If you have ever wondered what “double acting” means on the baking powder box in your kitchen, it refers to the double reaction that occurs when the powder is mixed in your batter: it reacts first when mixed with the liquids and, secondly, in the presence of heat. And if you are not sure how much baking soda to add to a recipe that contains an acid, a good rule of thumb is 1/2 ts (or 2 mg) per 1 cup (240 ml) of acid liquid.


We are talking about yeasts here, living organisms that feed on sugars, thereby producing carbon dioxide and alcohol. Mainly used for bread or yeasted doughs such as brioche, they take a long time to act and their temperature needs to be controlled. Yeasts will not work below 65 F (18C) or above 140F (60C). Sourdough starter is another natural yeast and it’s obtained by “souring” flour and water over the course of days or weeks. Regular feeding of water and flour can keep the yeast alive for years.


Steam is  a leavener that follows the laws of physics – think souffle. Heat causes air pockets that expand the batter. It also plays a vital role in laminated doughs (puff pastry, croissants and Danish pastry): the steam is trapped between the layers of dough, causing them to separate and rise. Air is also a rising agent – we whip or cream certain ingredients such as egg whites by incorporating large amounts of air before adding them to the final batter.


PS The sources I used to express in words what I do every day were “The Culinary Institute of America – Professional Chef” and Harold McGee’s “On Food and Cooking”.












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The idea of marrying chocolate and chili peppers is not exactly new. The Aztecs and Mayans thought of it a few centuries back, at a time and in a society where cacao, unsweetened, was part of the daily diet. Mexicans have continued this tradition by spicing up both their drinking and solid chocolate. I love this particular marriage, especially in chocolate truffles. Chili peppers work better with dark chocolate, lending a subtle kick and spiciness that linger on the tongue after the chocolate has melted.

Because I am a custard fiend, I also found a way to incorporate chili in my creme brulee. I favour japonais chilis because of their “smokiness” but any other dried chili with do. If you do not want to bother with the brulee part of the custard, you can serve it with just a dollop of slightly sweetened whipped cream.

RECIPE – Yield 8 4 oz portions


3 C Heavy Cream

1 Cinnamon Stick

5 Japonais or other dried chili peppers

1 ts Cayenne Pepper

1/2 C Sugar

6 oz Bittersweet Chocolate (72% is ideal), cut in small chunks

6 Egg Yolks


  1. Combine cream, cinnamon stick, chilis and sugar in a pot and bring to a boil over medium heat. Turn off the heat and let steep 20 minutes.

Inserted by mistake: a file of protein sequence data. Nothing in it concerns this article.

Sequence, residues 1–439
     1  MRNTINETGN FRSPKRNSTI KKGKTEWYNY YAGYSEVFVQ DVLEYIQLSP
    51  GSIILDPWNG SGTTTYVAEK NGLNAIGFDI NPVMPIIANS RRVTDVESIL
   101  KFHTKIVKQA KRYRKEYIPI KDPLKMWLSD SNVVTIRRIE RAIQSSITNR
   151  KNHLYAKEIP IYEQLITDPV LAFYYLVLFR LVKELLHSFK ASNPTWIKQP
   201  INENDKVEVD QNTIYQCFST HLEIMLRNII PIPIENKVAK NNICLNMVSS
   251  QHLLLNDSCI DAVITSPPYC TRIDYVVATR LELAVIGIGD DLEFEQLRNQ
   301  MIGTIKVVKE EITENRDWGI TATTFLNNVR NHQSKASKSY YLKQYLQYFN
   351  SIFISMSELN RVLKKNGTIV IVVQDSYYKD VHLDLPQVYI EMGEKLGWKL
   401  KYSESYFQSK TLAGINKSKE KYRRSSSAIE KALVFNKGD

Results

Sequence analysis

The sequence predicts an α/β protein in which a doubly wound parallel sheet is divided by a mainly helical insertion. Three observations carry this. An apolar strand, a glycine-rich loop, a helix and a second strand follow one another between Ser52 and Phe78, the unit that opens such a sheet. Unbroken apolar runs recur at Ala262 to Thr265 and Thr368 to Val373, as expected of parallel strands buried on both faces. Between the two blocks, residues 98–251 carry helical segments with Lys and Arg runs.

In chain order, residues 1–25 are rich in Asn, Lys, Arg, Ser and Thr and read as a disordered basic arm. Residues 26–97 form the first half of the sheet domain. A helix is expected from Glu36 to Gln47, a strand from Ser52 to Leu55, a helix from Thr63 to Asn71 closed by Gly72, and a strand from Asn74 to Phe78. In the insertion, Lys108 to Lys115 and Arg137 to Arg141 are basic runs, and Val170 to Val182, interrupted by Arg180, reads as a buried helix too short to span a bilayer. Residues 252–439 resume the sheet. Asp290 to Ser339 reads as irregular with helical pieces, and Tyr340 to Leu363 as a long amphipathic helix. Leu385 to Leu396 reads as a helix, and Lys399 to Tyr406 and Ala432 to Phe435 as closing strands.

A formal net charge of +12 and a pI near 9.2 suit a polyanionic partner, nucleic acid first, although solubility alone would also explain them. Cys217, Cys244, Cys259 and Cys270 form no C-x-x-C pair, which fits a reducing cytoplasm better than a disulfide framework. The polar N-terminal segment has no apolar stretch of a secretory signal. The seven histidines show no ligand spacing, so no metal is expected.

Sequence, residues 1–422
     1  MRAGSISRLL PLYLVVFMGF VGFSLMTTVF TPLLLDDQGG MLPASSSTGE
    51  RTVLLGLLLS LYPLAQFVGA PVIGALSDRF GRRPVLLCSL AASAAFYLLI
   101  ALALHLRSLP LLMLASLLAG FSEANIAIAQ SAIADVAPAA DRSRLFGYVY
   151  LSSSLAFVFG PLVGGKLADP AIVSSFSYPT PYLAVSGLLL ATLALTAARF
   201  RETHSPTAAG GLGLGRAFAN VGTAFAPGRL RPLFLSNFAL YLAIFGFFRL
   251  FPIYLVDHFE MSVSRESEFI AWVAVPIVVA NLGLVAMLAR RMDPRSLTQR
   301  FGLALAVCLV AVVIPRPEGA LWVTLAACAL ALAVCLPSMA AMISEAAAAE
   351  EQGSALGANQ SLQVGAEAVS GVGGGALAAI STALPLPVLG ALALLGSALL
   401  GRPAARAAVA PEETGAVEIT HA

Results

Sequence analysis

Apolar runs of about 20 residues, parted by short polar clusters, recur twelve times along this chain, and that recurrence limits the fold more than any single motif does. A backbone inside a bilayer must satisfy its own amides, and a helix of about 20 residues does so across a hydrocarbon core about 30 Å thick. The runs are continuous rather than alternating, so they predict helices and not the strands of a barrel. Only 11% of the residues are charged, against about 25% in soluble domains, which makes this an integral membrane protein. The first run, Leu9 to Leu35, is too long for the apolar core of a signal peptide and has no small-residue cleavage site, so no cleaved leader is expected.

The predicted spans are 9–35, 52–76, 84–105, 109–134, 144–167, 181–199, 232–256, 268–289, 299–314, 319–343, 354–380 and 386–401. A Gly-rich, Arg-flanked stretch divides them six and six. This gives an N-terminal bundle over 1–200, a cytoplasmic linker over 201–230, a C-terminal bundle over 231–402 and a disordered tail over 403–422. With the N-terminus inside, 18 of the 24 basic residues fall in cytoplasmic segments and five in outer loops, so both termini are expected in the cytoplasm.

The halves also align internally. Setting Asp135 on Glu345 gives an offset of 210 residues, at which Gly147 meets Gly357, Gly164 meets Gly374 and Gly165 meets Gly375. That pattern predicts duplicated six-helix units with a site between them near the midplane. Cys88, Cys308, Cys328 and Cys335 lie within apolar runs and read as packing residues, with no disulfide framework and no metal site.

2. Place the pot back on the stove, scald the mixture again and add the chocolate, whisking until smooth.
  3. Strain over a tight colander or strainer. Add cayenne pepper and stir. Taste for spiciness and adjust if necessary.
  4. Pour into brulee ramekins. Place the ramekins in a roasting pan, pour hot water half way up the sides of the ramekins, cover with foil and bake at 300F until set, about 30 minutes.
  5. Cool and refrigerate at least 8 hours.
  6. To brulee, sprinkle a thick layer of sugar over the custard and slide the ramekins under a broiler for a few seconds (or use a blow torch if you own one).



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Let’s end the week with another sugar-free recipe. My first taste of granola was actually under the guise of Muesli, on my first trip to Switzerland as a child. Can’t say it was love at first sight. Now I chomp down granola dry, as a snack, if I need a pick me up during the day. Granola is so easy to make that I have forever foregone store-bought varieties. No matter how good they are, they can never match a home-made one. I tried infinite variations and the following recipe fell in my hands a few years ago – I think I found it in the New York Times and, if memory serves me, it belonged to a restaurant whose name now escapes me. What intrigued me was the use of extra virgin olive oil, rather than blander cooking oils.

When it first came out of the oven and I tasted it, I knew I had found my granola partner.  I make it regularly, store it in a jar and reach for it whenever a sweet craving strikes.


3 C Rolled oats

1 1/2 C Pistachios, hulled

1 C Pumpkin Seeds, hulled

1 C Unsweetened Coconut Chips

3/4 C Pure Maple Syrup

1/2 C Extra Virgin Olive Oil

1 ts Kosher Salt

1/2 C Honey (or brown sugar)

1/2 ts Cinnamon

1/2 ts Cardamom

3/4 C Dried Apricots, chopped or other dried fruit of your choice


  1. In a large bowl, combine oats, pistachios, pumpkin seeds, coconut chips, maple syrup, olive oil, honey (or brown sugar), salt, cinnamon and cardamom. Spread mixture on a baking sheet in an even layer and bake at 300F for about 45 minutes, stirring every 15 minutes, until golden all over and well toasted.
  2. Transfer granola to a bowl and add dried apricots.